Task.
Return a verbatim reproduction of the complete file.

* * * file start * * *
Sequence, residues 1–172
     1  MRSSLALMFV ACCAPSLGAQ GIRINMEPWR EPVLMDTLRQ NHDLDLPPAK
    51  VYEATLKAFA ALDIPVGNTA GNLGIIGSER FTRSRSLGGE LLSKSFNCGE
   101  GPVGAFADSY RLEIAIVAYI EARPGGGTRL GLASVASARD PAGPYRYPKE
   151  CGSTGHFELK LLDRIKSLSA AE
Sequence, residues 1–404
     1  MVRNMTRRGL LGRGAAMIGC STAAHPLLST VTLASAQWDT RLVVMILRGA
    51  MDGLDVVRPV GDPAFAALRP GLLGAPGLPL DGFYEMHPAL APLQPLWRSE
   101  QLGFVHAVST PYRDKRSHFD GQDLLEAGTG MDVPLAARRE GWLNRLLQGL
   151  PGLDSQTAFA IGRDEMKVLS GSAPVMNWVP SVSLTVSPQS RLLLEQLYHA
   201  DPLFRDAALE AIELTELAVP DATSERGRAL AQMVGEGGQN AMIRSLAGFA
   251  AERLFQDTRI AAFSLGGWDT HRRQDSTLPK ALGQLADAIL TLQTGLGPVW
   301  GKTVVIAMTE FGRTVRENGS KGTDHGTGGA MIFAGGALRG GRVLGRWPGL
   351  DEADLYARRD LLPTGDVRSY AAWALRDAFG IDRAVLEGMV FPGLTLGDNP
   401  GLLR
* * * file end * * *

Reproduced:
Sequence, residues 1–172
     1  MRSSLALMFV ACCAPSLGAQ GIRINMEPWR EPVLMDTLRQ NHDLDLPPAK
    51  VYEATLKAFA ALDIPVGNTA GNLGIIGSER FTRSRSLGGE LLSKSFNCGE
   101  GPVGAFADSY RLEIAIVAYI EARPGGGTRL GLASVASARD PAGPYRYPKE
   151  CGSTGHFELK LLDRIKSLSA AE
Sequence, residues 1–404
     1  MVRNMTRRGL LGRGAAMIGC STAAHPLLST VTLASAQWDT RLVVMILRGA
    51  MDGLDVVRPV GDPAFAALRP GLLGAPGLPL DGFYEMHPAL APLQPLWRSE
   101  QLGFVHAVST PYRDKRSHFD GQDLLEAGTG MDVPLAARRE GWLNRLLQGL
   151  PGLDSQTAFA IGRDEMKVLS GSAPVMNWVP SVSLTVSPQS RLLLEQLYHA
   201  DPLFRDAALE AIELTELAVP DATSERGRAL AQMVGEGGQN AMIRSLAGFA
   251  AERLFQDTRI AAFSLGGWDT HRRQDSTLPK ALGQLADAIL TLQTGLGPVW
   301  GKTVVIAMTE FGRTVRENGS KGTDHGTGGA MIFAGGALRG GRVLGRWPGL
   351  DEADLYARRD LLPTGDVRSY AAWALRDAFG IDRAVLEGMV FPGLTLGDNP
   401  GLLR